FREEPORT – The county is engaged in initial talks with two wind-turbine manufacturers about building plants in Stephenson County, potentially creating as many as 100 new jobs.
This development comes as plans move forward for establishing two new wind farms in the county. The possible manufacturing plants and wind farms are separate but related projects.
If built – and that’s still uncertain at this point – the projects have the potential to make Stephenson County a center for “wind energy development and manufacturing,” said County Board Chairman John Blum, who recently briefed County Board officials on the discussions.
No agreements have been reached, and the county declined to immediately name the interested companies. The plants would likely be built in the Mill Race Industrial Park, which includes about 143 acres at the northeast corner of Lamm and Springfield roads south of Freeport.
“We want to be a leader in not only wind-energy production but wind-energy manufacturing,” Blum said.
The wind-farm projects include EcoGrove Wind LLC, a wind farm proposed for a site northwest of Lena by Freeport-based EcoEnergy LLC, a division of The Morse Group, and Lancaster Wind Farm LLC, a farm proposed for the Dakota area by Navitas Energy of Minneapolis.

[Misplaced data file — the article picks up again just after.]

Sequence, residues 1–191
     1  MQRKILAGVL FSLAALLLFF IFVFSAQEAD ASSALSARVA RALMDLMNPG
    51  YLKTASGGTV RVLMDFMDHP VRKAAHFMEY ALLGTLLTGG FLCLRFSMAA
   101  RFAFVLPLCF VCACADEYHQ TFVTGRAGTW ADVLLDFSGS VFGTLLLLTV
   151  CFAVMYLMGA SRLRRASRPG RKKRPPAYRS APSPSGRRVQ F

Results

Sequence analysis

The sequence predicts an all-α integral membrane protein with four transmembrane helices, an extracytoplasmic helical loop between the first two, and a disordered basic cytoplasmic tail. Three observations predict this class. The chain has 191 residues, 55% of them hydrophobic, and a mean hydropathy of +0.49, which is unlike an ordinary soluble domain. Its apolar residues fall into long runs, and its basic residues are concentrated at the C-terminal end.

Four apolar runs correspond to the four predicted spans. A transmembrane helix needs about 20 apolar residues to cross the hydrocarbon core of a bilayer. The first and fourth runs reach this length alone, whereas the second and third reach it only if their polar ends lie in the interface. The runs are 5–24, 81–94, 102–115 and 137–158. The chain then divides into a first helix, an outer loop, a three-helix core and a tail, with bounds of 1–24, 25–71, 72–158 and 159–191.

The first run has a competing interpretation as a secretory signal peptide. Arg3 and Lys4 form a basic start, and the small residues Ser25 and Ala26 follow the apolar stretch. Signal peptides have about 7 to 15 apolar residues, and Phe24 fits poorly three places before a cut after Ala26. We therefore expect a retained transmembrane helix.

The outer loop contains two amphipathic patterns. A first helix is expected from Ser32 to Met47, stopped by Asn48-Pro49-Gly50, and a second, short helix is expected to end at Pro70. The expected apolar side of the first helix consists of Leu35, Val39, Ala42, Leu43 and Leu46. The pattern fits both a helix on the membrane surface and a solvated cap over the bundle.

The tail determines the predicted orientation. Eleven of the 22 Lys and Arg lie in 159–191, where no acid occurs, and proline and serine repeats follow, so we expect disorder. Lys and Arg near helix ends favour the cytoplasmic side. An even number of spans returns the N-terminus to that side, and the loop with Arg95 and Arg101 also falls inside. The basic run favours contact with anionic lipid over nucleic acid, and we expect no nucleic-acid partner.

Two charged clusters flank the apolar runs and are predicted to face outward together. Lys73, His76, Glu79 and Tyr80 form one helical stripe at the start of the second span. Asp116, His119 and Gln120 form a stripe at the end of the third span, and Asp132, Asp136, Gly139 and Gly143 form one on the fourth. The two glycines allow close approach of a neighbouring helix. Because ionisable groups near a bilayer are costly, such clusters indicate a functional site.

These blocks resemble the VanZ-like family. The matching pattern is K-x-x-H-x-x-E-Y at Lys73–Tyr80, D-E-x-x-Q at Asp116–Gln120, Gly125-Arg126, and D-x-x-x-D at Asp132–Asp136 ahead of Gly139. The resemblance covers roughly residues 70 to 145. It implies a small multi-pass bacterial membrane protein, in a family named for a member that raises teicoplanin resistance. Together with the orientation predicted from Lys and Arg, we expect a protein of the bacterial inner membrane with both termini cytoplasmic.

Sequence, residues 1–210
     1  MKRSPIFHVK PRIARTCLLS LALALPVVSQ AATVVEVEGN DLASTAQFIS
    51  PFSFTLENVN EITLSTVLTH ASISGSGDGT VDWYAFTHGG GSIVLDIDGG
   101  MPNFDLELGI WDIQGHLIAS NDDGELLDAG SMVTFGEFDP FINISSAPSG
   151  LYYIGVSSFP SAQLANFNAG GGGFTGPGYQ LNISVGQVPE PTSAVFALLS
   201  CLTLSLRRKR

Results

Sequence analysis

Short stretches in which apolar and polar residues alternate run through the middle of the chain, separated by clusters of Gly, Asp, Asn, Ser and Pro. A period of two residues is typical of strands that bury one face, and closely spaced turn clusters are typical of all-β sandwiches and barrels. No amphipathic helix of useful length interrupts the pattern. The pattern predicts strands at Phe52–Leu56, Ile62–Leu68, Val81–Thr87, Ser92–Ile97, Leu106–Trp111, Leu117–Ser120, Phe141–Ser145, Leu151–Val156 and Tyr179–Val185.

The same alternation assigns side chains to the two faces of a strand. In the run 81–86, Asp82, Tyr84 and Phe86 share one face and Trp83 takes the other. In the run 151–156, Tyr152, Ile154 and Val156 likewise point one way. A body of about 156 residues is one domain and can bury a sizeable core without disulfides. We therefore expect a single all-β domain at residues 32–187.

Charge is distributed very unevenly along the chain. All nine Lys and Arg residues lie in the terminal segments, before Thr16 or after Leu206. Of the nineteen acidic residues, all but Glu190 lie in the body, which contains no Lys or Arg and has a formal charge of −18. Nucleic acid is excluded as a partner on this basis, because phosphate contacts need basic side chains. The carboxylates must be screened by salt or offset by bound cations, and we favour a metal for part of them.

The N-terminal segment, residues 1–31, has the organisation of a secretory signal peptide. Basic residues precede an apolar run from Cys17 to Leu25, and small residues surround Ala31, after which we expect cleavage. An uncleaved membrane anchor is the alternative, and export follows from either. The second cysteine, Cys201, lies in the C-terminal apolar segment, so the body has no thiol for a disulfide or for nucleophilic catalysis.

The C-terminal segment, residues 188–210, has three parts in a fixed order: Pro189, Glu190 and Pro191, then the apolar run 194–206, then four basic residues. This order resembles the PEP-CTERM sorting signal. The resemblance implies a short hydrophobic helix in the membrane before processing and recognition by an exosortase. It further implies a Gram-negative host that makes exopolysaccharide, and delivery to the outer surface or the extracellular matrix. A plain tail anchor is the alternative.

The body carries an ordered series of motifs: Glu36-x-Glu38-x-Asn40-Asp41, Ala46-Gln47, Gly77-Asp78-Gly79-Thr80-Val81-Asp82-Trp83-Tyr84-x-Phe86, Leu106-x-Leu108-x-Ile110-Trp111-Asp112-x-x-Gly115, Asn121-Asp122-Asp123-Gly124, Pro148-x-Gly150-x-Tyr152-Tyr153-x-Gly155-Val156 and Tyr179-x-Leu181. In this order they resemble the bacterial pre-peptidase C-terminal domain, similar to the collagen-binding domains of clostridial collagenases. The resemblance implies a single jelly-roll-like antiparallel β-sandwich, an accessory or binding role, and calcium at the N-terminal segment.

Officials declined to release any specific information about the manufacturing companies, because the negotiations are still preliminary. However, Shawn Gaffney, president of EcoEnergy, said one company’s plant would manufacture turbines for wind towers, and the other would make towers and turbine blades. EcoEnergy has acted as a facilitator for discussions between the manufacturing companies and the county, Gaffney said.
The main benefit of the plants would be additional jobs and property tax revenue for the county, officials said. Bob Skurla, executive director of the Freeport Area Economic Development Foundation, said another benefit is that the plants, if built, would be unlikely to close or move away because Stephenson County is in a favorable location near wind farms in the midwest.
“They both are manufacturers that are representative companies in a growing industry,” Skurla said.
Specific figures were not available regarding jobs and tax revenue that would be generated by the proposed plants. Even so, Skurla said the jobs would be “fairly high-paying” technical jobs.
A time frame on these projects was not available, but Blum said he will keep the County Board informed as progress is made.
By Travis Morse, The Journal-Standard
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